In Open Windows, a film with rather middling reviews (it scored a 47 on Metacritic and a 33 percent on Rotten Tomatoes), Elijah Wood stars as Nick, a man who wins a date with his favorite actress—and turns vengeful when she refuses to honor the deal. When he’s offered an opportunity to spy on her, he takes it, and the drama unfolds from there as the film vainly attempts to be a technothriller.

What makes Open Windows such a failure is that it’s so painfully an adaptation of classic revenge narratives with an attempt at drumming up attention and relevance via the conceit of inserting a digital angle. Jeannette Catsoulis at the New York Times describes it as “a thriller with so many viewpoints, feints and fake-outs that it swiftly disappears up its own URL.” At the A.V. Club, David Ehrlich had a withering review of the film: “Vigalondo’s script may not be as important to him as the gimmick through which it’s told, but the diminishing returns of the film’s means only serve to underscore its hackneyed and uninvolving ends.”

The conceit only works when it’s not a conceit, but rather an integral part of the narrative without which the story cannot happen. The classic example is, of course, The Matrix, where the digital world is woven into the film as a key component of the lives of the characters. The fact that the film is science fiction helps as well, because the bounds of believability are highly malleable and viewers expect to see high-tech aspects, while also being more tolerant of ludicrous settings.

Her, meanwhile, explored fascinating possibilities in a technological future. The tech was key to the narrative; without its elements of unlikely cyber-romance, the story would have been impossible to tell. This, again, sets it apart from attempts at dumping in the Internet, computers, or vague tech-related elements to make a production feel more relevant or interesting. Even Hackers, with its wild unbelievability, was smart enough to integrate technology into a larger live-action setting, rather than solely relying on it as a narrative vehicle.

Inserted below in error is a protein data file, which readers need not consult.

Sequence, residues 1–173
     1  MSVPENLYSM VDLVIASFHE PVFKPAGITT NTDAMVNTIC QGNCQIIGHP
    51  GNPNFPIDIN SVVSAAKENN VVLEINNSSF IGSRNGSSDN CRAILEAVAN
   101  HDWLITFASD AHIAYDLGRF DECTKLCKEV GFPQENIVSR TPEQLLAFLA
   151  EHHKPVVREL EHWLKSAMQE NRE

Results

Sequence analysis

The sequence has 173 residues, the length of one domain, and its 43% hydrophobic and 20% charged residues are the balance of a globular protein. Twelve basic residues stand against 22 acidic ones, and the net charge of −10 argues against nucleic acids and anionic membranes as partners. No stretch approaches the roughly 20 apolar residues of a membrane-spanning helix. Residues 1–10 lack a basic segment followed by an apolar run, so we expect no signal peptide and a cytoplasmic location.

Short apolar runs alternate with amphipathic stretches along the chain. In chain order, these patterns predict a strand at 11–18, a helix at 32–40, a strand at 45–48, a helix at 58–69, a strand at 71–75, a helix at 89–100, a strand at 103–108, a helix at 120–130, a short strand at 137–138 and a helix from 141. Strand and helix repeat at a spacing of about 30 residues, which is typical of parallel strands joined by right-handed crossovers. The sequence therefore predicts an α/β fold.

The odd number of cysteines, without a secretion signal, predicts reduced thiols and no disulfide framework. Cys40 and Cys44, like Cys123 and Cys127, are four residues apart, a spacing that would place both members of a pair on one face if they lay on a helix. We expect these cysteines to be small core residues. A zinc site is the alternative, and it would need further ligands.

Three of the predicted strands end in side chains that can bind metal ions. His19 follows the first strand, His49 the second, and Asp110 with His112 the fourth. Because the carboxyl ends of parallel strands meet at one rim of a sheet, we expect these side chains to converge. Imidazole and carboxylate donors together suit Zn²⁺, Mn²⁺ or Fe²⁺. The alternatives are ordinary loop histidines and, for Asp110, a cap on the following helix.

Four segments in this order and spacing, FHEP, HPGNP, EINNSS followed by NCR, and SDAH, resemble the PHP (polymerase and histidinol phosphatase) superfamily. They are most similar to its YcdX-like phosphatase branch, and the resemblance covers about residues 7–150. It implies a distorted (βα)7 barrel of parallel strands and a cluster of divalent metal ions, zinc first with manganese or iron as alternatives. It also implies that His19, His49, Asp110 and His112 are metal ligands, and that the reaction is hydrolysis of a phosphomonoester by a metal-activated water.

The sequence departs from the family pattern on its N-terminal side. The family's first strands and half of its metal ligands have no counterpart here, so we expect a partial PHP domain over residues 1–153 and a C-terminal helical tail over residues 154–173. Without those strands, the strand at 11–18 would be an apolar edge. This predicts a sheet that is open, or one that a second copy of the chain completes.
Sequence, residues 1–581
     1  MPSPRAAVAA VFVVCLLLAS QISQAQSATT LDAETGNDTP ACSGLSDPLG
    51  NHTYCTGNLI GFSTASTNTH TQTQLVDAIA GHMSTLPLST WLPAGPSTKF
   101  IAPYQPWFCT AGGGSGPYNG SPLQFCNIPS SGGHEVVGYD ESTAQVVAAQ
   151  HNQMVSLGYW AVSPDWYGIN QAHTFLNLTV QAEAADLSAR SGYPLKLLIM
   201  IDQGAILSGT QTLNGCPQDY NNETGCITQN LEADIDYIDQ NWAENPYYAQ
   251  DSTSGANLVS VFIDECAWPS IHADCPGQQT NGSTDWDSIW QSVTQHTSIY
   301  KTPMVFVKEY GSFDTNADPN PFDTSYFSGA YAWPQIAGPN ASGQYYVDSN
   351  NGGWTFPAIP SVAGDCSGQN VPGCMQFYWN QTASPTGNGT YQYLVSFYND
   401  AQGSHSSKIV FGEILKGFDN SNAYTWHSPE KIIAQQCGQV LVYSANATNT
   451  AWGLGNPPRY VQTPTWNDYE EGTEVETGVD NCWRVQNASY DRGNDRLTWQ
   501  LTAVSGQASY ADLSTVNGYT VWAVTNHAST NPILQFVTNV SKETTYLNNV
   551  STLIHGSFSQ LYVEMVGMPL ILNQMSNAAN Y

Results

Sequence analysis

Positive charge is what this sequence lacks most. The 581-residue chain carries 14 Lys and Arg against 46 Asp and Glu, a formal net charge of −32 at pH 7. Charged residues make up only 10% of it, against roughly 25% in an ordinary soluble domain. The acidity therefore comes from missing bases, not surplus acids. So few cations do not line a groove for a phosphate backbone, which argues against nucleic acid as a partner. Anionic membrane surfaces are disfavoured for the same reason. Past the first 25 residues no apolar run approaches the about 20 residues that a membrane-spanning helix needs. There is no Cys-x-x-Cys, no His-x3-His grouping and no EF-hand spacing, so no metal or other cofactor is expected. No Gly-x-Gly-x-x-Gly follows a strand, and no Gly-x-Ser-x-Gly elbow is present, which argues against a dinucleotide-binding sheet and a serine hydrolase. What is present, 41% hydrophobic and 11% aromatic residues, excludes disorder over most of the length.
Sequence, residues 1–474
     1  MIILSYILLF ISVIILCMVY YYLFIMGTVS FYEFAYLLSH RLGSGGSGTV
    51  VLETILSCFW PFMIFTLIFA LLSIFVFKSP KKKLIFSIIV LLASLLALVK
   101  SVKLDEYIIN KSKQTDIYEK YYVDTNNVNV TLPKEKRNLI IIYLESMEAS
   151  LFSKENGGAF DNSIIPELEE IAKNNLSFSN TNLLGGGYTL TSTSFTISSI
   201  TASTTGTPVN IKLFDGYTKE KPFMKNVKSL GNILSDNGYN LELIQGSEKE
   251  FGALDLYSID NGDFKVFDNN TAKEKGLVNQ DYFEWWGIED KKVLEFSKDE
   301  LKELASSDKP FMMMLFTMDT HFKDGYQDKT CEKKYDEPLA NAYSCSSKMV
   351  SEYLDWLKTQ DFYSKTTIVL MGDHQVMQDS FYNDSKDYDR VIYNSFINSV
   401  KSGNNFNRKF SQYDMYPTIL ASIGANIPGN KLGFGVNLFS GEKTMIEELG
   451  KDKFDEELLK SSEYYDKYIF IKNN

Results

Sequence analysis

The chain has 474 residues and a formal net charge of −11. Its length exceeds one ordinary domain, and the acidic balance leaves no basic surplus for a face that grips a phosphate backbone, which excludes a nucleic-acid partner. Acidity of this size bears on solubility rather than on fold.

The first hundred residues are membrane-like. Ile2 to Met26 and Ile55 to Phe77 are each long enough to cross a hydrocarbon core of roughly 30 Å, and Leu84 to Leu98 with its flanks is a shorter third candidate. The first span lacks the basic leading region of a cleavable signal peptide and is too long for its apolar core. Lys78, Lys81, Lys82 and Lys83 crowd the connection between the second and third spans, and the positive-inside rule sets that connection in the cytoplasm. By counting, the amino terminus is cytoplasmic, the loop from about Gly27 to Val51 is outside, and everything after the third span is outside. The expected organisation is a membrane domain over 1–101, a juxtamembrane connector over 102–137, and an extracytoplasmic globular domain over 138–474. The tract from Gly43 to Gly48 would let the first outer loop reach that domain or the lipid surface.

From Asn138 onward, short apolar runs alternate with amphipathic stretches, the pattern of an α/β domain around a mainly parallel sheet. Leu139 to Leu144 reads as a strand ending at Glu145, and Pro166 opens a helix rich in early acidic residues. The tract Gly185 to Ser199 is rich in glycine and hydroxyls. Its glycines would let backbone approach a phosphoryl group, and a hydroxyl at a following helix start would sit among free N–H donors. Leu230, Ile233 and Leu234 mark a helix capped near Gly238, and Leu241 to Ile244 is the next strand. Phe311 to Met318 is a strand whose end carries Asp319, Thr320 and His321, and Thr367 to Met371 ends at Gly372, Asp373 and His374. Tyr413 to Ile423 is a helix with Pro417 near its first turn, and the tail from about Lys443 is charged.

Steven Levitan, the cocreator and executive producer of Modern Family, says this episode is drawn from his own life and how he perceives the nature of modern communication—but he almost contradicts himself when he says it’s based upon Noah, a 17-minute short exploring the same issue. The short is set entirely on social media, and reviewers couldn’t help but reference things like how it was a commentary on our “social media-addicted way of life,” tying in to the concern trolling over how people interact through digital means. Is this a real issue or a manufactured one?

This episode will only work if it can rise above what’s starting to feel like a hackneyed trope with the use of computers in television to dodge narrative responsibilities. If the story could be told without relying solely on digital means, an all-digital version will feel fake and forced to viewers. 

And it’s likely that it will, because it seems improbable that a panicking mother would be relying solely on social media when she could be networking the old-fashioned way, by calling friends and family; after all, the older generation still uses phones for their intended purpose. It also seems unlikely that a woman in a state of distress who’s stuck in an airport wouldn’t attract attention and concern from the people around her, and the lack of interaction with an IRL audience will ring hollow to viewers.

Maybe Modern Family will be able to beat the conceit and produce an episode that will feel credible and authentic. More likely, though, it will fall down the rabbit hole that’s eaten so many attempts at the same narrative style before, because we don’t live in the Matrix. This is real life.

Screengrab via ABC/YouTube

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*First Published: Feb 18, 2015, 10:00 am CST